Shu and young sheng


One of the intentionally aged teas, Pu-Erh has a loyal following.

Re: Shu and young sheng

Postby needaTEAcher » Jul 10th, '12, 22:20

wyardley wrote:
needaTEAcher wrote:"I agree with Wyardly that..." Just my opinion, not solid fact, nor is it anyone's reality except my own (and apparently Wyardly!), though I bet there are more than a few people out there with a similar view!

Well, I do actually have a book which says this explicitly. It's in Chinese only, but the marking of the percentage sheng / shu material in various teas (dating back to the 40s or so), is pretty clear.

So, I'm not saying that I think it's for sure so, but it's not a random opinion either. It's based on one author's opinion, which seems to jibe with things I've heard from folks who have read other books about old pu'er.


And ultimately, I agree. But then again, I agree within the context of the traditionally defined structure of what makes puerh "good", i.e. smoothness`(lack of bitter), depth and complexity of flavor (breadth of the spectrum), feeling generated in the body, strength and duration of aftertaste, etc. Since I agree with all of these, personally, then I agree with the conclusion that shou can't go as far as sheng, as set by the above parameters.

That said, if someone rolls into my tea circle or onto teachat and says, "Hey, I think shou tastes better, and I prefer to drink young shou over a 50+ top shelf sheng," then I will be happy that they found what brings them joy. I won't tell them they are wrong, though I might explain what is considered the industry standard. And I would drink lots of shou with them! 8)

Oh, and the percentage shou vs sheng thing sounds rad. I wonder if my teachers considered it shou if it contained a certain percentage of shou, or something like that. If you find any book that mention it in English, let us all know!
User avatar
needaTEAcher
 
Posts: 505
Joined: Oct 6th, '1
Location: Hong Kong, next China

Re: Shu and young sheng

Postby yanom » Jul 11th, '12, 05:08

Yes, personal preferences. The more I think about it the more I feel that my pue'r preferences split three ways into young sheng, aged sheng, and shu. Of course there are variations within. Some people might like all of them. Some only one. My personal preference is clearly for aged sheng, but it's too expensive to drink the nicer stuff every day. I also rather like shu, especially because unlike other teas, I've found a couple of brews of shu after dinner doesn't stop me sleeping later in the evening. Young sheng, I don't really like. For me, it's as far away from aged sheng as shu is, and in a direction I'm not so fond of.

As for shu with a bit of age on it: I've tried a couple of samples of 10+ years shu which seemed flat to me, but others which were delicious -- obviously with my limited experience I've got no way of knowing what role age plays there and how much it's just due to the quality of the tea in the first place (or, indeed, my own preferences).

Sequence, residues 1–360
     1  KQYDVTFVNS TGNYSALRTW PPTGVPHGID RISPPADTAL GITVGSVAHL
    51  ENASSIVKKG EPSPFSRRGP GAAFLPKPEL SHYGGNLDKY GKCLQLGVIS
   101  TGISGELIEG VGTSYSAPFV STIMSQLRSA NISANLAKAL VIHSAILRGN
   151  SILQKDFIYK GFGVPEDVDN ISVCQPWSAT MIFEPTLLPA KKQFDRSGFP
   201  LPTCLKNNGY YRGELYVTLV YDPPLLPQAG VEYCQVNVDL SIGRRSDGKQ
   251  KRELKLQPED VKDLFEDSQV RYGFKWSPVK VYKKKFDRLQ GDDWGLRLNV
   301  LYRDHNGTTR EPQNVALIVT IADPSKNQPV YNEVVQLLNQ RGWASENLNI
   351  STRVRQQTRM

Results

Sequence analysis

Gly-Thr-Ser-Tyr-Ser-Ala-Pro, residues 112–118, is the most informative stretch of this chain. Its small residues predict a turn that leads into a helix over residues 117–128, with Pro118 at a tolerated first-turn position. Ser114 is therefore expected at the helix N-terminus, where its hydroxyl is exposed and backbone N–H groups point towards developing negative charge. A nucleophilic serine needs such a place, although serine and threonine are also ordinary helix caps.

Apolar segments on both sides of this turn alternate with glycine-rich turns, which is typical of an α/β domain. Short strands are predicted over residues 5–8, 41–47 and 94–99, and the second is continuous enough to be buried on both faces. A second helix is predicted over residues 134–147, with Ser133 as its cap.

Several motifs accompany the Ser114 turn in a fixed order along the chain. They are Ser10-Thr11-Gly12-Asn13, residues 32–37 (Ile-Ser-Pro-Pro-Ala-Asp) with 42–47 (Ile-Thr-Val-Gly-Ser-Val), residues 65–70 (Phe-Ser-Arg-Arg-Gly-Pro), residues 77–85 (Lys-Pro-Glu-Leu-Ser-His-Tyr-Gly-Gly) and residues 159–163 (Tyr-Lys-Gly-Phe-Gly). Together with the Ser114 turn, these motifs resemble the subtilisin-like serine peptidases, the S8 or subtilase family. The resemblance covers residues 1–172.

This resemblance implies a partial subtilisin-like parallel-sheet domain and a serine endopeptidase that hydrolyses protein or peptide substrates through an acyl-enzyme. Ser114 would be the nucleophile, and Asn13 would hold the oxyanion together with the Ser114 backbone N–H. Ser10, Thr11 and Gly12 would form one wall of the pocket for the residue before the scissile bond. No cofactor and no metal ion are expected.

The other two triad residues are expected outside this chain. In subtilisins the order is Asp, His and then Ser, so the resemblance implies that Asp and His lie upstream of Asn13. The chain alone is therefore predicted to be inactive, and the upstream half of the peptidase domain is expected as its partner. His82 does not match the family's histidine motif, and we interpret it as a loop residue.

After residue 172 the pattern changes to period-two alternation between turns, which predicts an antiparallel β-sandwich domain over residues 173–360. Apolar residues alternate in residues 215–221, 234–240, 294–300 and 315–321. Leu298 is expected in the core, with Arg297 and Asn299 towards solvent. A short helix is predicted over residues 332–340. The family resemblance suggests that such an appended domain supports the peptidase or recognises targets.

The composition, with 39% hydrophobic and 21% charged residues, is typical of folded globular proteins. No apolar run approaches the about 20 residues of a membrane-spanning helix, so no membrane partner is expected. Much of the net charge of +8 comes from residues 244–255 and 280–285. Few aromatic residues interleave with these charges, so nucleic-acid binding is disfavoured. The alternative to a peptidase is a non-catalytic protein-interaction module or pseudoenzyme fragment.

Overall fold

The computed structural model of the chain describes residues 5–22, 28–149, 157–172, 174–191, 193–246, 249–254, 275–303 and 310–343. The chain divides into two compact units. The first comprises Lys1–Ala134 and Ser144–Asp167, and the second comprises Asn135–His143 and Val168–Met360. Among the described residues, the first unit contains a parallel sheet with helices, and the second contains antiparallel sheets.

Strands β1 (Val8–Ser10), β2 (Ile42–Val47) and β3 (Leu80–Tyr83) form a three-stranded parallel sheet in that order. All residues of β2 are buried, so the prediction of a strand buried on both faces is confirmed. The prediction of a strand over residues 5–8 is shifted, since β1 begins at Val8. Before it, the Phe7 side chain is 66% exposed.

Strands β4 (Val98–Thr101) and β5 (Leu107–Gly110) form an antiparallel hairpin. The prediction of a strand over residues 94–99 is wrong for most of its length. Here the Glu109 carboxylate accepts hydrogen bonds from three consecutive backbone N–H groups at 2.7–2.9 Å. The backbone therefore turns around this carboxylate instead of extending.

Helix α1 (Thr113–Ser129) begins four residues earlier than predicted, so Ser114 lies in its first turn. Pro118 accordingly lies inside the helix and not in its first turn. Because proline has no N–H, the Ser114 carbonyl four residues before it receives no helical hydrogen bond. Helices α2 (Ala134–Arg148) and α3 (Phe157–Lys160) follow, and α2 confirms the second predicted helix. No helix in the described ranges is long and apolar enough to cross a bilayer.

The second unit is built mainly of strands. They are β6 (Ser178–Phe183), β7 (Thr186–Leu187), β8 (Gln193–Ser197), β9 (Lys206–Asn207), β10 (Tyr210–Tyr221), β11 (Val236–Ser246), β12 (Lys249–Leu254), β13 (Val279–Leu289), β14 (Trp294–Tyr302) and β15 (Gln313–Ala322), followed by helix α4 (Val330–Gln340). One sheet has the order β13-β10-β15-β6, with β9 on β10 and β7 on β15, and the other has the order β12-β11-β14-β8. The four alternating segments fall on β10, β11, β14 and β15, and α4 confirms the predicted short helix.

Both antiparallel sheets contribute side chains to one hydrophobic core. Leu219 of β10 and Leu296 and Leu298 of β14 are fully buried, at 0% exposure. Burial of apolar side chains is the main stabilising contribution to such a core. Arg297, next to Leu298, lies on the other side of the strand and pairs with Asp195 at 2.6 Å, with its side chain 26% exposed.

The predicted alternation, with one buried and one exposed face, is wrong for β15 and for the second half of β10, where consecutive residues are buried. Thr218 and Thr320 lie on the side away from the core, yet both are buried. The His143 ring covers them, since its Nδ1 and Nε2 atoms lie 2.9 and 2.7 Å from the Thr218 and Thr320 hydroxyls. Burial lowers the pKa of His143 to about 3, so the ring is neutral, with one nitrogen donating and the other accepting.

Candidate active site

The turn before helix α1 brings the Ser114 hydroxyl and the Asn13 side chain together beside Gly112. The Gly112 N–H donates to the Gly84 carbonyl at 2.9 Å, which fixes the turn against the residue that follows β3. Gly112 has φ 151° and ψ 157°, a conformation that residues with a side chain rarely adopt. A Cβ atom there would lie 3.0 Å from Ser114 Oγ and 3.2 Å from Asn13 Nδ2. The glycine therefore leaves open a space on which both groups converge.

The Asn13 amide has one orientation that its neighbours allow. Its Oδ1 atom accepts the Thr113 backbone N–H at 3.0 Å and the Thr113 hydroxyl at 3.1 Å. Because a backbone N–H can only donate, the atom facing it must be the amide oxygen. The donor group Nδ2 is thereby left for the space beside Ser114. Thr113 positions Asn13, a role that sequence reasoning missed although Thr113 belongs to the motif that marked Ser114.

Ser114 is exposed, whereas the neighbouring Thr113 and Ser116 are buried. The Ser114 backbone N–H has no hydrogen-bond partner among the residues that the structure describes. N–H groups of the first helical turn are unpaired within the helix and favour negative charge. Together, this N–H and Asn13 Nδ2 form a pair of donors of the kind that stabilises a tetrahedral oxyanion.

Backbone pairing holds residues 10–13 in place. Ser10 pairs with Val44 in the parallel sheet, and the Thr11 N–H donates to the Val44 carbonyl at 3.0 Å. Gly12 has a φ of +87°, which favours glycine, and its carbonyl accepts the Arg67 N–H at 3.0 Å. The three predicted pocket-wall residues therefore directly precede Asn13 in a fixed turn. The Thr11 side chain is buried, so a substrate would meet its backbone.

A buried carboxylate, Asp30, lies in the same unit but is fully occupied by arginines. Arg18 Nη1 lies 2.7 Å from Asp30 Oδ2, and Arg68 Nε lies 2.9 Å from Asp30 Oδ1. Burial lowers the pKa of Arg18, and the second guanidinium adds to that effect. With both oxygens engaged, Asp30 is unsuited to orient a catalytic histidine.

I don't remember reading people discussing "qi" much with shu, only sheng. But I picked up a bing of what I was told was 2002 shu from a little shop in Hong Kong which I can't really make my mind up about: some days I really like it, others not so much: it doesn't have much of the sweet/savoury earthy richness I like in lots of shu, but does give me some less usual mouth-tingling, and also something I associate with "qi".
yanom
 
Posts: 128
Joined: Oct 5th, '1

Re: Shu and young sheng

Postby needaTEAcher » Jul 11th, '12, 12:30

yanom wrote:I don't remember reading people discussing "qi" much with shu, only sheng. But I picked up a bing of what I was told was 2002 shu from a little shop in Hong Kong which I can't really make my mind up about: some days I really like it, others not so much: it doesn't have much of the sweet/savoury earthy richness I like in lots of shu, but does give me some less usual mouth-tingling, and also something I associate with "qi".


In my experience, shou doesn't have the same level of qi feeling as sheng, and especially not younger shou, but I had a pot of some pretty decent 1985 loose leaf shou that had a killer kick to it. Drank a 7-pot session once at 10 or 11, and couldn't sleep until early the next morning!

I have had 5 or 6 sessions with a 1960 loose leaf sheng, and I have never experienced anything like it! People around me usually act like they are on drugs!!!! The effect is amazing and really soothing. But my teacher told me about that 1940s shou that I mentioned earlier, and he described the feeling of super strong qi, among other effects.

Generally, I find that older shengs pack a more powerful feeling in my body than older shou, and younger from both tends to generate less alertness and overall qi feeling for me. But, again, everyone is different!
User avatar
needaTEAcher
 
Posts: 505
Joined: Oct 6th, '1
Location: Hong Kong, next China

Previous

Instant Messenger

Permissions
You cannot post new topics
You cannot reply to topics
You cannot edit your posts
You cannot delete your posts
You cannot post attachments
Navigation